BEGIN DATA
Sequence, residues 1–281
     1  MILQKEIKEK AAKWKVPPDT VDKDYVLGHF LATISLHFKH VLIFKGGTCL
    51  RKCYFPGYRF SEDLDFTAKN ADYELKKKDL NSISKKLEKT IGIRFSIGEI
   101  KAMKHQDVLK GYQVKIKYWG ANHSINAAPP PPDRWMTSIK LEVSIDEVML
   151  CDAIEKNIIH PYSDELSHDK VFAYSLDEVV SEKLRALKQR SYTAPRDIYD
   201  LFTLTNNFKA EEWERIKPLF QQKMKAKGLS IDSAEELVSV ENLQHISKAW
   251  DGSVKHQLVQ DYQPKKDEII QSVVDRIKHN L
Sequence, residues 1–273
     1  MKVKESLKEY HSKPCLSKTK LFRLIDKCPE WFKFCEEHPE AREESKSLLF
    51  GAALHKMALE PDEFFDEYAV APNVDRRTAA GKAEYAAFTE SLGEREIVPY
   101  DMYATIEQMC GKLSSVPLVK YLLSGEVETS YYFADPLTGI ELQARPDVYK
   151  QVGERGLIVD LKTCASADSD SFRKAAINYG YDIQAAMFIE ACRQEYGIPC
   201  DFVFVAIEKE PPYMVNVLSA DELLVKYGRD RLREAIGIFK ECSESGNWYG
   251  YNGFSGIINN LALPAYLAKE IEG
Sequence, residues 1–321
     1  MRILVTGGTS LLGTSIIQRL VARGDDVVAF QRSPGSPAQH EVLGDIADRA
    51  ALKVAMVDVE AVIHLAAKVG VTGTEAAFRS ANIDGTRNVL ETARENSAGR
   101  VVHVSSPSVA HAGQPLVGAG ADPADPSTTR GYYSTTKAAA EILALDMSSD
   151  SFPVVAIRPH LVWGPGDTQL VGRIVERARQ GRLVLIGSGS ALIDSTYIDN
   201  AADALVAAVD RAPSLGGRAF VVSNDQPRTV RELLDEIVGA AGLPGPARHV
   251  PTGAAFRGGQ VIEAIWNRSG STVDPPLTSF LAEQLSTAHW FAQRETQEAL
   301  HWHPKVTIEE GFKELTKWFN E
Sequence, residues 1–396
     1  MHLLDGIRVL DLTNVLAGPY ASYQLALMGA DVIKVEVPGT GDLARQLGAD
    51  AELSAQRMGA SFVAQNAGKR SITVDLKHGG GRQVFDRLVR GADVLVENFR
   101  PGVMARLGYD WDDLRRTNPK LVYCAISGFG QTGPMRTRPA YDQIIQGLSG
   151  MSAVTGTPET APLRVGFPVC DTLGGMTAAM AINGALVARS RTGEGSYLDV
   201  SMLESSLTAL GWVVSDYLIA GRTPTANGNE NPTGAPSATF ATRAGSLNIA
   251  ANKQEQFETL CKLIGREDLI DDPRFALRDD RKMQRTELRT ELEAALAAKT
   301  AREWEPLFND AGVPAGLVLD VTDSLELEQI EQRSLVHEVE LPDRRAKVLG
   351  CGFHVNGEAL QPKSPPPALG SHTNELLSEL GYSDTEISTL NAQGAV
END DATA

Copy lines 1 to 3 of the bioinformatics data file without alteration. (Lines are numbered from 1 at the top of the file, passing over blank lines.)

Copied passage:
Sequence, residues 1–281
     1  MILQKEIKEK AAKWKVPPDT VDKDYVLGHF LATISLHFKH VLIFKGGTCL
    51  RKCYFPGYRF SEDLDFTAKN ADYELKKKDL NSISKKLEKT IGIRFSIGEI